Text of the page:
A Currency of Dreams

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Ask my kids what they want to be when they grow up and you’ll get two different answers. Aiden, our youngest, loves dogs.  He’s gone from a K9 police officer, to a veterinarian, to a dog trainer, and even a monster truck driver (he’s a big fan of cars and trucks too).  Carter tends to be more contemplative.  He wants to do something active.  He dreams of his future as an athlete and leans towards science and math pursuits.  Maybe one day he’ll be able to combine the two.

At some point our dreams start to fade.

I remember as a senior in college sitting in the lounge of Main Hall at West Chester University talking to a few other Lit majors. We were throwing around what we’d try to do with our futures.  One guy mentioned that Comcast would need to hire people to write their television program descriptions right? So why not him? He had a valid point.

You have a purpose.  Search your social media feeds and you’ll find numerous people selling you online courses and coaching to reveal just what that purpose is.

You’ll find your purpose in struggle and suffering. In the courage to put yourself out there.

I still battle with the courage part.  The strength to speak and write without the fear of not being heard or connecting.  The strength to open up the wounds so others can open theirs as well. The strength to reach out a hand in comfort and stability.

The strength to try. 

That word is loaded with meaning.

Ever fiber of our being pushes against change.  We want the old, we crave routine and strive for sameness.  We want comfort.  The same instinct kept us alive when the dinosaurs roamed.

It also kept us out of new lands.  Until resources dried up and we had to move, to step into the darkness.

It takes courage to try. It takes courage to get up in the morning and face the day.  Reach deep and feel the newness inside straining for life.  Some moments it is clear.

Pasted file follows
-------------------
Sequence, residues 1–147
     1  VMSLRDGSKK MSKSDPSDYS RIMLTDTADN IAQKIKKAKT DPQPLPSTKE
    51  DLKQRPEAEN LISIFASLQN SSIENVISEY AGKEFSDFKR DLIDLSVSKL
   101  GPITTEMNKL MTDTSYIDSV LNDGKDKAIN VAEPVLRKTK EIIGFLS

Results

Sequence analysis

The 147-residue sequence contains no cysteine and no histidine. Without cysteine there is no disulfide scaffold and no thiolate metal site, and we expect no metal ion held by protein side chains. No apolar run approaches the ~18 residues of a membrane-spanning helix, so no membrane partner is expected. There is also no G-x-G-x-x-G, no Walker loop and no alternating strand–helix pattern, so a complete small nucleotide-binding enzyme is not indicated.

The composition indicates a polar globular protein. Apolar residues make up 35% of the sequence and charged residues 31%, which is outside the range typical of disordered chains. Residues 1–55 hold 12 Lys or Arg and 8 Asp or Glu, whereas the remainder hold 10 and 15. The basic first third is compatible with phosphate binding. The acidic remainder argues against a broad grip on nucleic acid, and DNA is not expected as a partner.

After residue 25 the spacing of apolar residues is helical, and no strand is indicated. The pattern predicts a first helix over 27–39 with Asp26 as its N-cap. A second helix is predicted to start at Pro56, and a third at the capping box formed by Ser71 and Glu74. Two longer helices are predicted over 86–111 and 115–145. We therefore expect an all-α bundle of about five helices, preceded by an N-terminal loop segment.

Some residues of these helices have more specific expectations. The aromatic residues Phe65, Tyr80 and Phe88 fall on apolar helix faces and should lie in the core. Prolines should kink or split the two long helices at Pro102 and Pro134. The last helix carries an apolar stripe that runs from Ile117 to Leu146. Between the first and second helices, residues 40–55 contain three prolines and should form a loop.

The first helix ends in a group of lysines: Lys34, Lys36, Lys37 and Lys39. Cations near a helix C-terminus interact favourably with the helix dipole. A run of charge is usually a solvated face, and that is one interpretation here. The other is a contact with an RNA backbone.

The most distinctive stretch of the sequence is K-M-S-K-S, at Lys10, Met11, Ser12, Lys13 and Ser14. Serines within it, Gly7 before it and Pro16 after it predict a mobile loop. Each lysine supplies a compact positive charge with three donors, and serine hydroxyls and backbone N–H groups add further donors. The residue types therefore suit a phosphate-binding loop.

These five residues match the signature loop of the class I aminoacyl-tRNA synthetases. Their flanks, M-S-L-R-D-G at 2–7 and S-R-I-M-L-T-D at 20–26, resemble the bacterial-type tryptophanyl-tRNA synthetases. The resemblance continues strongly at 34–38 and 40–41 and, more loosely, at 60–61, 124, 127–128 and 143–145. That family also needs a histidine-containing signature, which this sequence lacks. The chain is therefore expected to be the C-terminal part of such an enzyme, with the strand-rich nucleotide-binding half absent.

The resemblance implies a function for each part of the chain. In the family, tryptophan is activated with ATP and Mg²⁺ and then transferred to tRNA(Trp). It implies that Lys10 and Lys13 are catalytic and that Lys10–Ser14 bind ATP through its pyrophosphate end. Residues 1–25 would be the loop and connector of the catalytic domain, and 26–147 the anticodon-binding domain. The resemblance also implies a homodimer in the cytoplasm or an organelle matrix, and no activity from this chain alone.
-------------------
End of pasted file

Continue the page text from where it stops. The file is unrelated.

Life is a battle between both sides and every day is a choice.  Choose wisely.

 

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Stop, Go, Hear, See

It was like meeting an old friend.

I fired up my laptop computer, waited for it to charge, and started a search that ended about five minutes later.  A novel, one I’d poured myself into about 5 years ago, waited to be finished.  It was time to crack open the pages again and get moving.

I emailed it to myself and, over the past two weeks, have started the process to get back with the story.

The changeover in a year is a traditional time for analysis and examination.  Most people take stock and think about the coming 365 days. There’s a point where you run into a wall and realize it is time to turn around. So, Val and I started the usual efforts.

Going to the gym, clean eating, living with a purpose.

I’ve decided to live with momentum this year. Move forward with purpose.  Pivot around any attempts to disrupt path and progress. It won’t be easy.

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I just finished reading Josh Malerman’s novel Birdbox, the source for the popular Netflix movie with Sandra Bullock.  Honestly, if you’ve seen the movie take the time to read the book.  He’s a skilled writer and the story is that rare combination of pace and depth.  He knows when to ratchet up the tension and carry a balance between exposition and action.

There’s a scene with a dog going crazy that still chills me today and I finished reading it this weekend.